AWS Lambda is a widely used cloud service which allows customers to create event driven serverless functions of short duration. To find out whether a bad lambda function could lead to AWS account takeover, I created some code to deploy one and uploaded to GitHub.
The code returns the environment variables of the container in which the lambda function is being executed - this simulates what could happen if the Lambda function was vulnerable to an injection attack or a malicious dependency was included in the code.
An attacker can simply take these credentials and use the AWS command line to perform any actions within the AWS account which are allowed by the Identity and Access Management (IAM) role assigned to the Lambda function. In my example code, this is access to AWS Secrets Manager. In the worst case, it could be access to IAM allowing an attacker to set up their own administrator account.
So the answer is YES - if the AWS Lambda function is vulnerable, and the assigned role has excessive permissions, a bad Lambda function can lead to AWS account takeover.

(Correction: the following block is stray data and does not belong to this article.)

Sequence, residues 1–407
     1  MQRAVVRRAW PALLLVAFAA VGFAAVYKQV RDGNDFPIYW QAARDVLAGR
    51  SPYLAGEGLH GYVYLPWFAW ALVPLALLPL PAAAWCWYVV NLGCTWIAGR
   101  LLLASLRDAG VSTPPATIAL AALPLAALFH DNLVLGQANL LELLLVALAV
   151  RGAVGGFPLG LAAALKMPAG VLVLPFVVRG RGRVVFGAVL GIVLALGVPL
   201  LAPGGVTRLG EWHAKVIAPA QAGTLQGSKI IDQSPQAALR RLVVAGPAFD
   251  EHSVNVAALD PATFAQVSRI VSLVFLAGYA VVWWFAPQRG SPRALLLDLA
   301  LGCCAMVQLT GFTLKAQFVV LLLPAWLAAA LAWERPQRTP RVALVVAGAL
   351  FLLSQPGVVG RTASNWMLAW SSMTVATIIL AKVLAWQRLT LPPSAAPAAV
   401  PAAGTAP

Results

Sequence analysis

To protect an AWS account from takeover due to bad Lambda functions, see my blog 10 Steps to Lambda security. Click on the read more link below for screenshots and technical details.
I deployed the bad lambda code using Terraform, then browsed to the API Gateway URL. This invoked the Lambda function and returned the environment variables of the Lambda container:
Next, I copied the AWS Access Key, AWS Secret Access Key and AWS Security Token values into a new profile in my AWS command line credentials file:
Finally, I used the command line to list secrets within AWS Secrets Manager, and then obtained one of the secret values:
If you want to try this yourself, clone the repository, install to a development AWS account where you're not already using AWS Secrets Manager, and follow the instructions in the README.
Paul Schwarzenberger is a Cloud Security Architect and DevSecOps specialist